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Having to actually stand up to switch your lights on? Having to search and select a song to play music? Having to resort to looking out the window to find out the weather, no thanks! With that in mind today’s article will be all about Smart Speakers.

The technology behind our favourite devices from ‘Alexa’ to ‘Siri’ has developed rapidly over the last few years with Electronic Notes’ mentioning that it was ‘only a few years ago [that] speech recognition was very much a laboratory phenomenon, but now it is being extensively used.’ Therefore, not only does this technology exist but more importantly, it’s accessible to the everyday person. So, how do they work, how can it help you and how can it be utilised in marketing terms?

Smart Speakers, or the technology behind them, has been building for many years now. As discussed by The Verge, it was in fact our namesake, Thomas Edison who ‘invented one of the earliest working dictation machines’, a phonograph, and ‘these early devices could record speech and play it back, but they could not process words and take any action.’ Jump ahead to 1952 when the first documented speech recogniser was built by Davis, Biddulph and Balashek at Bell laboratories, which was named ‘Audrey’. Whilst it was functioning, it was still expensive and wasn’t necessarily faster than completing the same task manually. From there IBM introduced the Shoebox, invented by William C. Dersch that could perform arithmetic on voice command, which you can watch here.

To the 1990’s when Dragon launched Dragon Dictate, which was the first of these types of programmes that was made available to the public. Leading us right up to now where Siri, Alexa or Cortana are there at a touch of a button. From this we can understand that this technology didn’t simply appear overnight but has a long rich history that has contributed to the devices we now know. But I think it would be fair to say that it is the sheer accessibility to smart phones that catapulted this bit of tech forward, and unleashed the potential for a mass market product.

“…it was in fact our namesake, Thomas Edison who ‘invented one of the earliest working dictation machines’, a phonograph…”

Modern AI speakers rely on voice recognition technology to work. Whilst each system functions slightly differently, generally,  they listen to key words that activate a response, they record what is being asked of them and then this is transferred to a main processing area, where the voice recognition service deciphers what is being asked and then sends a response back to the smart speaker. With time the speaker will begin to learn patterns, personal to each consumer and their dialect, to help it provide a more fluid service.

From fun tricks such as asking it to figure out what song has been stuck in your head, to controlling smart lights and smart thermostats. These smart speakers have become interchangeable with personal assistants and have genuine beneficial features that could really help structure your day to day routine, especially during this challenging climate. If you’re not a morning person and find it difficult to become productive then having a smart speaker may just help get things started. They can read your to-do list to you or emails whilst you have your first caffeine kick. Or if time management isn’t your strong suit then how about using third party apps to set timers for those harsh deadlines. Need a little music to defeat that 2pm slog, you now have access to thousands of specifically designed motivational playlists. These smart speakers could really make a difference.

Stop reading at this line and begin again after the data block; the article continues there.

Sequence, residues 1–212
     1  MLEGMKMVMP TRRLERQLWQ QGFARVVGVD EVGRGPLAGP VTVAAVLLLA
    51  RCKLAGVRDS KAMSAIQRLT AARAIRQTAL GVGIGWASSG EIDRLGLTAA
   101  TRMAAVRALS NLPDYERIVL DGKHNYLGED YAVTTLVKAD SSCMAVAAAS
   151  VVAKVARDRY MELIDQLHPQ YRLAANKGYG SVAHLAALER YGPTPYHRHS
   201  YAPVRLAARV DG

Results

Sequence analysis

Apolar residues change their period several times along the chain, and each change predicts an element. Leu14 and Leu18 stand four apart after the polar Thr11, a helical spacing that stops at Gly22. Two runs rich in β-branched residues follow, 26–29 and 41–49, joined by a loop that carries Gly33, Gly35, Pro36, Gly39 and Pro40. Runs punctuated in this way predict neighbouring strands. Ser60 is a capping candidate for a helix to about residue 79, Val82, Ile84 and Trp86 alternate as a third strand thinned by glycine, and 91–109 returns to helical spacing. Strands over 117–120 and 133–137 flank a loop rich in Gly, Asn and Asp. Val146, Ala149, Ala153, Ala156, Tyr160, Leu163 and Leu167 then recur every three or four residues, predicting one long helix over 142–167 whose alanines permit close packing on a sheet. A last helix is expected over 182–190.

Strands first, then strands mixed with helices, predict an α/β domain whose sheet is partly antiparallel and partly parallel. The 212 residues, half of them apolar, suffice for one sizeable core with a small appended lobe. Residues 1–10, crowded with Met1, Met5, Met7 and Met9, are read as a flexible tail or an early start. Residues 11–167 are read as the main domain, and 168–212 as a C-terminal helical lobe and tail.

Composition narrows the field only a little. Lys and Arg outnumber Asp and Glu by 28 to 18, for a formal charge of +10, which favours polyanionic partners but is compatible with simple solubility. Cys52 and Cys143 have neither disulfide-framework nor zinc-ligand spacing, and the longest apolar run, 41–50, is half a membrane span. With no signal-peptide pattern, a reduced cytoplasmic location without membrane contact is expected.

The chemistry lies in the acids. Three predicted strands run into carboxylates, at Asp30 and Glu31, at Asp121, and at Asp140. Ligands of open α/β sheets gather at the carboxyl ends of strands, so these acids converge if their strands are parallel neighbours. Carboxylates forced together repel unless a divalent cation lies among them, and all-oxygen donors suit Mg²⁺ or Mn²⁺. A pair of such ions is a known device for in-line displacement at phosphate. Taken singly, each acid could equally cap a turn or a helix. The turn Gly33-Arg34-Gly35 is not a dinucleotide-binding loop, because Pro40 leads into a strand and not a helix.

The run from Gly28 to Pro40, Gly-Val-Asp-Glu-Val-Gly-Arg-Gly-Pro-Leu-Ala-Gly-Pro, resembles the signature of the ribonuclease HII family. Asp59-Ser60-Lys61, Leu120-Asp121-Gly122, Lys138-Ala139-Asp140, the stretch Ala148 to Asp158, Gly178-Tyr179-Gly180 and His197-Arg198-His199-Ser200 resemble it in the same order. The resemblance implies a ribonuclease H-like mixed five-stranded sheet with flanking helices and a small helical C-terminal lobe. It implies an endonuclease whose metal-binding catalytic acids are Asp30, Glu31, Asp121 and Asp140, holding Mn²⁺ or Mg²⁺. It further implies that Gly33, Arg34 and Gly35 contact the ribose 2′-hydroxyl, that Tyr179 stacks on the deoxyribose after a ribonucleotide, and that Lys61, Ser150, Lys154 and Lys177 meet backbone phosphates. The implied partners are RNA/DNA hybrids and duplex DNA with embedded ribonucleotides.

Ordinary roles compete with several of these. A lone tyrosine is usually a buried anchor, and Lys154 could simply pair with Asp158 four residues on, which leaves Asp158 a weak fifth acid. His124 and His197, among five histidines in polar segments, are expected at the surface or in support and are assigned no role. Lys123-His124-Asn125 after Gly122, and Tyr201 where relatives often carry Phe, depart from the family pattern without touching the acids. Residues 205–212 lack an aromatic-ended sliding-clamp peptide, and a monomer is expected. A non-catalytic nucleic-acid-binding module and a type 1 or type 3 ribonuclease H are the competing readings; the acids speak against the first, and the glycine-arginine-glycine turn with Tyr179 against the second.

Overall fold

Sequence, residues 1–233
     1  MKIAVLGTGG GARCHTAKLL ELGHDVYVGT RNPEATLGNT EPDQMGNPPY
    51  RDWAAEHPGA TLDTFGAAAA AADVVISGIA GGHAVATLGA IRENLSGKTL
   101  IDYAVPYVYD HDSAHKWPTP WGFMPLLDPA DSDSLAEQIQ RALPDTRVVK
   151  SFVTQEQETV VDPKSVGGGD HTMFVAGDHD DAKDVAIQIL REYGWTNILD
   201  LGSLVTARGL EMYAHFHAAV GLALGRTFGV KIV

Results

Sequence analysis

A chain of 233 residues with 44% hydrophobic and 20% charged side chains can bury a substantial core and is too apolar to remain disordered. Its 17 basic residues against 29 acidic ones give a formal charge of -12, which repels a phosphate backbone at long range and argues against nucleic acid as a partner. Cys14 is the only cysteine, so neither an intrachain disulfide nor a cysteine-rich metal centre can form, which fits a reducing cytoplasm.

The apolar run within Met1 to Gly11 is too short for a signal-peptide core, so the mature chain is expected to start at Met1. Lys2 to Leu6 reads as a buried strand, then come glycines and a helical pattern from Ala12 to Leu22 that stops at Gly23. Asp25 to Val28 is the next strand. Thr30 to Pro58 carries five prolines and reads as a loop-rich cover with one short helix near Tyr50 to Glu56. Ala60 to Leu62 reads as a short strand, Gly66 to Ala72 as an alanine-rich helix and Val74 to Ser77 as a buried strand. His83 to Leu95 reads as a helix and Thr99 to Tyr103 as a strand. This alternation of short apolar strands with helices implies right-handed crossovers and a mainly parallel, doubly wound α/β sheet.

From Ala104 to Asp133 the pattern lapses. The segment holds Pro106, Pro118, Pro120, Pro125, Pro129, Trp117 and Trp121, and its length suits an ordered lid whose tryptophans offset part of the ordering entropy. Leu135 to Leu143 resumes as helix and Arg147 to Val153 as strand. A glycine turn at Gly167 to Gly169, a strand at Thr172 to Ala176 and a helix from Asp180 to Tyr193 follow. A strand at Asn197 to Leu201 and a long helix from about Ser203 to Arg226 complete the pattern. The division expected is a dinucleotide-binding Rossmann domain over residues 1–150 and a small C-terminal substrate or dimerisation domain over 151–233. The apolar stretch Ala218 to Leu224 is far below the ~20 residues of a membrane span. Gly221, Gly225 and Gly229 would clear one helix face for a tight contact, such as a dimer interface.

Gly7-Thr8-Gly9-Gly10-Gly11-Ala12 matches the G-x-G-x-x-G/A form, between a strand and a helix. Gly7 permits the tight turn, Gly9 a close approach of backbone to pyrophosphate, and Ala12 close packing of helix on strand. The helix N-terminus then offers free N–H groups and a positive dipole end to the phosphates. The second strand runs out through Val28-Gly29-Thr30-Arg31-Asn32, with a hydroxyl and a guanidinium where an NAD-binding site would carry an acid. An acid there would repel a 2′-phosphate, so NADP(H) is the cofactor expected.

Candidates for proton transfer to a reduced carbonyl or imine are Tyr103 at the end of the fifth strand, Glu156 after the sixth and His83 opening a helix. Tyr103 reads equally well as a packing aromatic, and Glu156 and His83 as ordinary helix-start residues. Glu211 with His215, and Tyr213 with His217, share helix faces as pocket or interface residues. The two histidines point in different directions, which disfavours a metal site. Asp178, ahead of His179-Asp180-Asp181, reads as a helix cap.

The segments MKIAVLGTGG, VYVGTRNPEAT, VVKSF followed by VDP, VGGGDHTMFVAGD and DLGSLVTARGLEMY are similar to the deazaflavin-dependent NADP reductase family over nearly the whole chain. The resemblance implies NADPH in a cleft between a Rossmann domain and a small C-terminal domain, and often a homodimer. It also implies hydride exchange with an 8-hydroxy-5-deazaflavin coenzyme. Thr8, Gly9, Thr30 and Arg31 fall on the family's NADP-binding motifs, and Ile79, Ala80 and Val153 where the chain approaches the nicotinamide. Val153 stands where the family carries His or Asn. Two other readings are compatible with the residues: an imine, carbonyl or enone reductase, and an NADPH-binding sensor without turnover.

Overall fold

However, there are also drawbacks. For example, voice recognition whilst advanced is still not flawless. There is definitely a learning curve with these devices, it takes time for them to become accustomed to your voice and there may be times where you have to repeat yourself or become frustrated when ‘what’s the weather?’ becomes ‘calling Heather.’

With anything that’s new it takes time for technology to be fully utilised, and we are beginning to see that happen with smart speakers. People are beginning to ask questions that they would normally ‘Google’, such as ‘what is there to do for families near me’ or ‘what times are Cineworld showing Frozen 2’. Voice search term volume, although a long way off web search term volume, is increasing – and with this comes an opportunity to deliver targeted advertising or podcast content to those who would find it useful. A ‘voice strategy’ is the next up and coming section to a marketing plan, and it’s all about being informative and fitting in to people’s lives seamlessly, just like the smart speaker itself has. The voice strategy should be informative and can also learn in to entertaining – mirroring the emotional reason why people would use or request a response from their speaker in the first place.

I think it’s fair to say that Smart Speakers have been evolving for longer than most of us may initially have thought and are improving and adapting alongside other technological advances daily.

It’s near impossible to walk into a house without either a Cortana, Siri or Alexa being in attendance and whilst it may still divide many people on what use they are, it is clear to see that they are here to stay, and we say – ‘Alexa, play Celebration by Kool and the gang’

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